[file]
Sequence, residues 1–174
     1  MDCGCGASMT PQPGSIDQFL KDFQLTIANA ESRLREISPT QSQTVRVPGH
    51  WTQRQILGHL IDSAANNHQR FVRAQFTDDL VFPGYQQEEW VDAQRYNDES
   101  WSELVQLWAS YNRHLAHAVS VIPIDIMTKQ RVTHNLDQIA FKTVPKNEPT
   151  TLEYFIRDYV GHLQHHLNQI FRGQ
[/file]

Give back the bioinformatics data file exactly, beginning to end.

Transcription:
Sequence, residues 1–174
     1  MDCGCGASMT PQPGSIDQFL KDFQLTIANA ESRLREISPT QSQTVRVPGH
    51  WTQRQILGHL IDSAANNHQR FVRAQFTDDL VFPGYQQEEW VDAQRYNDES
   101  WSELVQLWAS YNRHLAHAVS VIPIDIMTKQ RVTHNLDQIA FKTVPKNEPT
   151  TLEYFIRDYV GHLQHHLNQI FRGQ